Not Politics As Usual. The Righteous Vs. The Extreme Right. Vote Your Conscience.
Rock on, Mike!
Michael J. Fox doesn’t need me to defend him from the ignorant, blubbery, blabbering made by right-wing radio windbag Rush Limbaugh against Mr. Fox’s recent television ads supporting stem cell research. He did a fine and honorable job of it himself. Limbaugh’s accusation that Mr. Fox exaggerated the effects of his Parkinson’s disease was greeted by overwhelming criticism against the big, fat idiot. Consequently, Limbaugh would make a half-assed, conditional apology to Mr. Fox and then proceed to say Mr. Fox is only doing the ad for politically motivated reasons. Limbaugh also stated Mr. Fox was giving victims of Parkinson's false hope with the promise of stem cell research.
Hey, Rush, you mean like the false hope you and the right wing extreme are giving to everyone about victory in Iraq? Drop the compassionate conservative charade. It’s insulting and it never worked, not then and definitely not now. By the way, how does it feel to relive your playground bully days, still picking on the sick, small guy? Next time pick on someone more your size like Asashoryu Akinori.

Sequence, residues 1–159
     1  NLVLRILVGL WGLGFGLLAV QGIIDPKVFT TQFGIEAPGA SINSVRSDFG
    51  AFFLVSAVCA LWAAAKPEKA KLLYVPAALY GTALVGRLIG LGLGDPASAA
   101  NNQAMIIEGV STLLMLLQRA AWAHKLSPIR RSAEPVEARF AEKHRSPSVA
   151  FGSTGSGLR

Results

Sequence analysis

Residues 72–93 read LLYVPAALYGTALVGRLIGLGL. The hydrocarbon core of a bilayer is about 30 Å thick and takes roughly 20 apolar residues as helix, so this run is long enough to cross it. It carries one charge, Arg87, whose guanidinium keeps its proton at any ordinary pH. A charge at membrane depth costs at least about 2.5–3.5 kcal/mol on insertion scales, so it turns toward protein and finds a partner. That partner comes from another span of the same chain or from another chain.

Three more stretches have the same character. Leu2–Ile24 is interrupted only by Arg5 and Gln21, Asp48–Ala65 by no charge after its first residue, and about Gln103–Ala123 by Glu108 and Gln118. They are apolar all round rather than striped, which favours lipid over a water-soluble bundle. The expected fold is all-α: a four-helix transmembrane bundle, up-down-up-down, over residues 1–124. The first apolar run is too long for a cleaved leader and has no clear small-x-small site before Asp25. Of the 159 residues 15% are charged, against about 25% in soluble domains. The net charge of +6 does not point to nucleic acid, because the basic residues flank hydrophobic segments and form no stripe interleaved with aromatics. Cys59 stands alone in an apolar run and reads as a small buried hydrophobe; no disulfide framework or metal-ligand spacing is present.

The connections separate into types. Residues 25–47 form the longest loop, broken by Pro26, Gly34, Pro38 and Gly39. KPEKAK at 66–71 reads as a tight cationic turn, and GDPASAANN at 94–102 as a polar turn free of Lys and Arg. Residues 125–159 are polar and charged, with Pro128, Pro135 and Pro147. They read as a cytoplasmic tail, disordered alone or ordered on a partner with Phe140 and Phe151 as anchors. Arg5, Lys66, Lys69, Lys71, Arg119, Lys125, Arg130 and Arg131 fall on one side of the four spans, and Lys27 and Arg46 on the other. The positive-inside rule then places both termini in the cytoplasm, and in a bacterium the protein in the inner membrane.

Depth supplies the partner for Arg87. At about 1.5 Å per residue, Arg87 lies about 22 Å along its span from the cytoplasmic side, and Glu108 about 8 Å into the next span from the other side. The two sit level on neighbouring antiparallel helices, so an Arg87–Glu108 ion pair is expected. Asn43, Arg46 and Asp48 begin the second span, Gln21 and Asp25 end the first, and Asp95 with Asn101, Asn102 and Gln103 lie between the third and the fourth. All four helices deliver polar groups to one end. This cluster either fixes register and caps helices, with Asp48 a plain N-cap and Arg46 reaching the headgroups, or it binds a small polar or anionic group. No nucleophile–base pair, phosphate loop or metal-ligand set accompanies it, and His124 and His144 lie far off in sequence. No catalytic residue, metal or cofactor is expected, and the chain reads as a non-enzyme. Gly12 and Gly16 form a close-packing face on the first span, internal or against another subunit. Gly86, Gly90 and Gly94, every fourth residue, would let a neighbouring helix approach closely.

No offense to sumo wrestlers.
I was honored enough to work with Mr. Fox for about three months on a television pilot he created. We worked on the same floor just down the hall from each other. The first time I met him I was saddened by his frail physique. This wasn’t the Michael J. Fox that I as a child and teenager grew up watching on television and in movies. In front of me wasn’t the guy who, ironically enough, played that loveable, junior Republican on Family Ties. (But, then again, that was the era of the Reagan Republican and not the twisted deformity of Republicanism we have now.) When I met him I could tell he was having a difficult time controlling his speech and physical movements. It was very uncomfortable to watch. Later on during a meeting, I would witness the tremors associated with Parkinson’s as he was trying to conduct a meeting and it was even more difficult to watch. Even so, Mr. Fox was able to make it through the meeting and take care of business. All this time he was on his medication. He wasn’t violently flailing about the office just to teach the production staff something about Parkinson’s disease. This was just how it was. This was Mr. Fox’s life. Eventually I became used to seeing his occasional spasms and problems with speech and I came to accept this version of Michael J. Fox as the Michael J. Fox. And this Michael J. Fox is one of the kindest, most sincere and most compassionate guys I know.